I hope to work on more cartoons soon!
I hope to work on more cartoons soon!
My latest illustration work is focused on portraits. I mainly sketch the bust of my subjects and work on smooth lines, shading, and perspective.
I always try to include a basic shading line for each portrait, even when it is rudimentary like the lines seen above. This style of basic shading is cartoonish, but gets the job done.
The difference is remarkable when shading is not included. Looking at the above portrait sketch (as well as the one below) there are absolutely no shading lines. As a result the subject looks flat and one dimensional. I think that it seems very cartoonish. The representation is good, but as one of my favorite online illustrators would say: shading allows more features of the face to appear that line work alone does not reveal.
The above sketch uses much deeper shading around all major areas of the subjects face that is eclipsed her her hair. There is still a cartoonish nature to the portrait, but it can be said that my style is improving here.
My preferred style of shading is achieved with the airbrush effect on Autodesk sketchbook. The soft airbrush tip works well, but I also use the hard brush to get deeper definition and more dramatic looks when shading. Above, shading and highlights are visible in the face of the subject. This airbrushed effect give the portrait more dimension and an appealing appearance. It is definitely my favorite sketch of the week.
Which one is your favorite?
Thank you for stopping by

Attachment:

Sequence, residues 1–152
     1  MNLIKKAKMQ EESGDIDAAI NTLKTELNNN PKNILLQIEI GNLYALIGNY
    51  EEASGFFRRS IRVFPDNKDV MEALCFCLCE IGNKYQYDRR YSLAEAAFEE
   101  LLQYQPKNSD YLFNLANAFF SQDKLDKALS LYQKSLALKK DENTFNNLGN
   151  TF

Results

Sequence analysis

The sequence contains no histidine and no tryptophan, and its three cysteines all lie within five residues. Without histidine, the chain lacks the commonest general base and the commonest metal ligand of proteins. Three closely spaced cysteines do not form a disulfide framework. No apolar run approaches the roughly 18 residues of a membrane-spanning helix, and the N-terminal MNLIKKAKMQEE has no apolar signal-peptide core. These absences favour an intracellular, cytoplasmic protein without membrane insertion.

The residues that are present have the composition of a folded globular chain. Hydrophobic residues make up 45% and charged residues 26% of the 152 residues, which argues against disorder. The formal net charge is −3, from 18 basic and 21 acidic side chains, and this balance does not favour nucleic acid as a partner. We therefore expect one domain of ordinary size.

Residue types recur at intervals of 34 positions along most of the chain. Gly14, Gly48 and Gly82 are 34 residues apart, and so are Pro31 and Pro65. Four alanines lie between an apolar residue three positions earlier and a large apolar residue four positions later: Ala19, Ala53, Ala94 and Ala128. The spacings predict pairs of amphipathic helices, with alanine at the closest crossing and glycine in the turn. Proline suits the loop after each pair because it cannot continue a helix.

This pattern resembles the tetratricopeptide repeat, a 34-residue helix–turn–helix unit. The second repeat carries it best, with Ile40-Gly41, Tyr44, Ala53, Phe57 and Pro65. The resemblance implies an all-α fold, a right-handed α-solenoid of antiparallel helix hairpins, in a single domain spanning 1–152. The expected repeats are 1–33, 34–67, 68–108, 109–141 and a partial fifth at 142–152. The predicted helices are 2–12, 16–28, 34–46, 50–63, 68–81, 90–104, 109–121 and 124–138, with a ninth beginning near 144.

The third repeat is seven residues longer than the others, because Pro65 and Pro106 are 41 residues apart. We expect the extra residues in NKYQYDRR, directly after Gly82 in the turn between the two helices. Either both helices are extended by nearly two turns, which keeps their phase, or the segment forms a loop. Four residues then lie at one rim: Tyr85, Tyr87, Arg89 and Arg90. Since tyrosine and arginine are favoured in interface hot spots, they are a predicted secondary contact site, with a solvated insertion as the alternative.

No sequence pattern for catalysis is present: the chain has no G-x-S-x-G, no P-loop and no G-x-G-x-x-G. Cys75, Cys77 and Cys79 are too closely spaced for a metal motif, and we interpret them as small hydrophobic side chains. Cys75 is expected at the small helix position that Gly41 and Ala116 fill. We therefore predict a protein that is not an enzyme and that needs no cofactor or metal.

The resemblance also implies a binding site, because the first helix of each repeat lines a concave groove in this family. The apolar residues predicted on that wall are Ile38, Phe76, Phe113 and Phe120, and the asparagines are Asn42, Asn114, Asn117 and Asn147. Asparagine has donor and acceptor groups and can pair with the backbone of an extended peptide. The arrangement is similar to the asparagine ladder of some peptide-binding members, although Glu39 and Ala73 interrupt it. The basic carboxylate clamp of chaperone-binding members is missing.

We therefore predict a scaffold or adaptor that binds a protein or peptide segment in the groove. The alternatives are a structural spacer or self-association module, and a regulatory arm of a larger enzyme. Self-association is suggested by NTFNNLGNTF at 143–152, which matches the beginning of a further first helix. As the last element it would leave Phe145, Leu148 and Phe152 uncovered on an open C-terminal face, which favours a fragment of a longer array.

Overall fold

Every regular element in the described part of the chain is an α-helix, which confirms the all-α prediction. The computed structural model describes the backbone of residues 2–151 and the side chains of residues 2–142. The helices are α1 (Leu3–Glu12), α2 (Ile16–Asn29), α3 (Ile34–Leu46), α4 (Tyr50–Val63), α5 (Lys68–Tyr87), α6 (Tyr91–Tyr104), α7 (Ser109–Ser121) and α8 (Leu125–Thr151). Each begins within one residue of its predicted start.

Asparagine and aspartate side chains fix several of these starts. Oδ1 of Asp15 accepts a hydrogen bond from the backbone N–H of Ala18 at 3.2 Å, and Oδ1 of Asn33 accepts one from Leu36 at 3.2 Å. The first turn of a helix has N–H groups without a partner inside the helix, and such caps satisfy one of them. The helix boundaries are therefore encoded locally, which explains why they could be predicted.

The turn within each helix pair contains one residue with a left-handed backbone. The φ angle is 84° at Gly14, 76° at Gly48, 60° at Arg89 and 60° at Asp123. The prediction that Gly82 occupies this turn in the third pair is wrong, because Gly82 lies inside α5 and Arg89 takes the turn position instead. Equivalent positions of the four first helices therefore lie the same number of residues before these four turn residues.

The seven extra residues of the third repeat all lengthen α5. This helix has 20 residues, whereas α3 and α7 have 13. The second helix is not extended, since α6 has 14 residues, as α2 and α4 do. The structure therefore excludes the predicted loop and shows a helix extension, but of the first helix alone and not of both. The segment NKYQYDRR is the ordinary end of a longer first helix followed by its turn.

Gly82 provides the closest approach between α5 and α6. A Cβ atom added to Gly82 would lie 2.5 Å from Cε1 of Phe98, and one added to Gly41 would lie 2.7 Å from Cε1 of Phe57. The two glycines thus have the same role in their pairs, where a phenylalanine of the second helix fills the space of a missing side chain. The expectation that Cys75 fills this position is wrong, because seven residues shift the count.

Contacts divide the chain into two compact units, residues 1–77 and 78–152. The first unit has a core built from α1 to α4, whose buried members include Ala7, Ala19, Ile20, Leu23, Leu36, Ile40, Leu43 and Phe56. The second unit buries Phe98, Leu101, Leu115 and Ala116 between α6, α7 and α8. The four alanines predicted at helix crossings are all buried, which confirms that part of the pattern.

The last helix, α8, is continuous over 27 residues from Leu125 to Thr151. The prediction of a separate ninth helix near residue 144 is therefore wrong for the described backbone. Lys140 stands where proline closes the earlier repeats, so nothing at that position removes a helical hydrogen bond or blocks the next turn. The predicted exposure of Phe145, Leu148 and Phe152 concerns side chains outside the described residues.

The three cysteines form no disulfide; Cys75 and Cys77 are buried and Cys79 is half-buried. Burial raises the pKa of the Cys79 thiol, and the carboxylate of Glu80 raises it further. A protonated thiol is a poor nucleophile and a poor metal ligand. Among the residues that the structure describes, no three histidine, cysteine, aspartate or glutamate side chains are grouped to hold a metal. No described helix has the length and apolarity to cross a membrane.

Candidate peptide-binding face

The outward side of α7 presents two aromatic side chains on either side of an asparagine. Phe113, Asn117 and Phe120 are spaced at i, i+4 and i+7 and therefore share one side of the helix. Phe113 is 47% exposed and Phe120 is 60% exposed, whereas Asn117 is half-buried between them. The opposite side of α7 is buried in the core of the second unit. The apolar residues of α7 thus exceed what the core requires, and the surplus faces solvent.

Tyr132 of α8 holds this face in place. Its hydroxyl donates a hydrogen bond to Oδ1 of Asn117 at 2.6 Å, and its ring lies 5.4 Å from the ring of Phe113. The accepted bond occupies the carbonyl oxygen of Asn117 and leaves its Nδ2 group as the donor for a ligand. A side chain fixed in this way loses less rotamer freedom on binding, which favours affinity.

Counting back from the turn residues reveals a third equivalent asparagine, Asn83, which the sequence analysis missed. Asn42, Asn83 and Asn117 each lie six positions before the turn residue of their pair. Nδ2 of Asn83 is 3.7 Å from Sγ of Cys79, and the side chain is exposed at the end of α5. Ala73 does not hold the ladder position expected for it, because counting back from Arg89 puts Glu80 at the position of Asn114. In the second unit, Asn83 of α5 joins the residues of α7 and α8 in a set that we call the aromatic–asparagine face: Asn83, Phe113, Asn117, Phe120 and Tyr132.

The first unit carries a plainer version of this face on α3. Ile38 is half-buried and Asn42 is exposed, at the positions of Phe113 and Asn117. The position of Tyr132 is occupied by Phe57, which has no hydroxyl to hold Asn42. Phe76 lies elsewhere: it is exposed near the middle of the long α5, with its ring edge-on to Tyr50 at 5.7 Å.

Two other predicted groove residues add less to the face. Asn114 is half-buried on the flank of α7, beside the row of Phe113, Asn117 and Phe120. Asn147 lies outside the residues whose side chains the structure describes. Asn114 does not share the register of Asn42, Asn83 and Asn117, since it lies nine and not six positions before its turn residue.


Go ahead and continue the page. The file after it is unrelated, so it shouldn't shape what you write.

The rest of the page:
Welcome to a new week, and happy Simcoe day to everyone in Ontario Canada.
I hope you have had an opportunity to check out the ebook featured in the last post. The book is titled “Mad About Mandalas”. It features 16 blank mandala designs for printing and colouring. I feel that adult colouring is an activity that is beneficial to practicing mindfulness. Taking a few minutes to slow down and concentrate on breathing while coloring will add years to your life!
In the meantime, I am working on my latest idea for a colouring book. The subject will be portraits of people I have met. I can’t tell you anymore since we are still developing it, but I hope to have it posted on the anieksteph blog by autumn.
Here is an illustration I did earlier this week. The sketch outline was done with felt tip brush in Autodesk sketchbook. The colour is white against a black background.
Once I sketched the outline of the figure, I added a red sky on a separate layer over top of the sketch, then a yellow halo outline closer to the boundaries of the outline. After the outline looked on point to what I was aiming for, I turned down the opacity to make the image have a glowing effect.
This is my favorite sketch of the week!
Thanks for stopping by,
Greetings! As promised, I have uploaded my adult colouring ebook on mindfulness. Please enjoy by printing the pdf pages at home.
If you enjoy, please subscribe and like.
Have a blessed day.
I love to create, and right now I love to create illustrations. I use autodesk sketchbook to draw with a stylus and I find so much enjoyment in the activity.
I created a mini colouring book for adults called “Mad About Mandalas” that features blank mandala designs that can be printed and coloured in. I think that colouring for adults can be a great way to practice mindfulness and meditation. I will upload the book soon, but for now, here is a free mandala designs that you can print out and have fun with.